Poverty crisis as cuts hit families

The Community Awareness Programme is seeing rising numbers of homeless and working poor people coming in for help after being hit by the recession.'Ernest Hibbert
The Community Awareness Programme is seeing rising numbers of homeless and working poor people coming in for help after being hit by the recession.'Ernest Hibbert
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TV adverts paint an idyllic picture of families enjoying gifts around the Christmas tree.

But the reality for many this year could not be bleaker.

Rising unemployment and government cuts have left families struggling to make ends meet.

And many are finding themselves homeless for the first time during the festive period.

Ernest Hibbert, who runs Wakefield homeless organisation the Community Awareness Programme (CAP), on Wood Street, said poverty and homelessness had reached crisis point.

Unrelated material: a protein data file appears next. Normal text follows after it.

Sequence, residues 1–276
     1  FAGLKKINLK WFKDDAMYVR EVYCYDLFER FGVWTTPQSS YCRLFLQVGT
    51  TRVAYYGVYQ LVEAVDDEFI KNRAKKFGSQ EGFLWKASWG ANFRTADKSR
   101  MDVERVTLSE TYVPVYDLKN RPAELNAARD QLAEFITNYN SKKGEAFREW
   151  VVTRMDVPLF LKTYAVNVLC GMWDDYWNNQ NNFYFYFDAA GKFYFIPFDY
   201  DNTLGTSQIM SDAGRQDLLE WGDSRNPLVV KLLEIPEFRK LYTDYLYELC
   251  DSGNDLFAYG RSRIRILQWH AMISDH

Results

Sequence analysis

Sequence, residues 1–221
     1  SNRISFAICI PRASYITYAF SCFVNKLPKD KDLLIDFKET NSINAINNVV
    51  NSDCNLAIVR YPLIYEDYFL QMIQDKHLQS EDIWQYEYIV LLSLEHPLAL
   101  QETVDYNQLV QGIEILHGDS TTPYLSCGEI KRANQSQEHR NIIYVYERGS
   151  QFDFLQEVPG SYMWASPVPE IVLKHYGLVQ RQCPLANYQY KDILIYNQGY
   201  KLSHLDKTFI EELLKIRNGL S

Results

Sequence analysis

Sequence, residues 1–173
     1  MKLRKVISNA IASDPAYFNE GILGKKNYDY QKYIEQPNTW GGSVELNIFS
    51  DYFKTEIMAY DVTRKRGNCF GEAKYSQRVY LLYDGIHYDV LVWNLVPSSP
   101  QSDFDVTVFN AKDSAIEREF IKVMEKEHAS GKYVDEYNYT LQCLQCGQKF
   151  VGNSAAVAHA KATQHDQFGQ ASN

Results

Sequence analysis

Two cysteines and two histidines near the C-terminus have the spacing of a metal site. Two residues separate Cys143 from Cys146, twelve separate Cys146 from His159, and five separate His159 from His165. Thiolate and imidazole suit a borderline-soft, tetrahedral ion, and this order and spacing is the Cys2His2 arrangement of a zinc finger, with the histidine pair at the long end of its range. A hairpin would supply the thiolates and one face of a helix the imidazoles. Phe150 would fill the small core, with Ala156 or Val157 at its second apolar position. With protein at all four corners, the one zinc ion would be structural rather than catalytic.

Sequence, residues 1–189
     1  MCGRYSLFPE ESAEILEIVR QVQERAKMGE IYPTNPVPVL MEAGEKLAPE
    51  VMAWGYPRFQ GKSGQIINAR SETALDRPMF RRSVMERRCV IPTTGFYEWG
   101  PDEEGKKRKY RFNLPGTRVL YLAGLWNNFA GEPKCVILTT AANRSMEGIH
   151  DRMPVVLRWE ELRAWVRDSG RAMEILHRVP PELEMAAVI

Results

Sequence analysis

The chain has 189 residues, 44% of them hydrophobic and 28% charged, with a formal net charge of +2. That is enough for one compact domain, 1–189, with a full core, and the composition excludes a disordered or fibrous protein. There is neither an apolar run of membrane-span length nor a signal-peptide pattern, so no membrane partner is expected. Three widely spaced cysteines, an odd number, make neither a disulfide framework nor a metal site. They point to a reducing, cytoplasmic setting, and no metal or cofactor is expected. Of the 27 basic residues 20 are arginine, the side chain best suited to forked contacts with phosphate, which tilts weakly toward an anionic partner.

Rising numbers of people are visiting CAP for food parcels, household goods and housing advice.

Mr Hibbert said: “We are averaging 56 people coming in every morning now. At the same time last year it was in the low 40s.”

Mr Hibbert said rising unemployment and cuts to benefits were hitting people from all walks of life.

He said: “We are starting to see dads who are coming in saying this time last year they had a home and a family.

“The traditional perception of homeless is people addicted to drink and drugs. That has always been wrong. But now we are seeing people much further up the social pecking order who are finding themselves in crisis through no fault of their own.”

The council received 463 applications for help with homelessness last year. Some 447 applications have been received so far this year and 228 people have been placed into temporary accommodation.

More than 22,000 were on the social housing waiting list in Wakefield at the last count.

Council figures show the income needed to afford a mid-price home in the district rose by 136 per cent to £36,000 in 2010. Private rents UK-wide have risen by £25 a month on average in the last year.

Mr Hibbert said many people without a home were sleeping on friends’ sofas and not included in official homelessness figures.

He added: “I think there are more sofa surfers than ever.”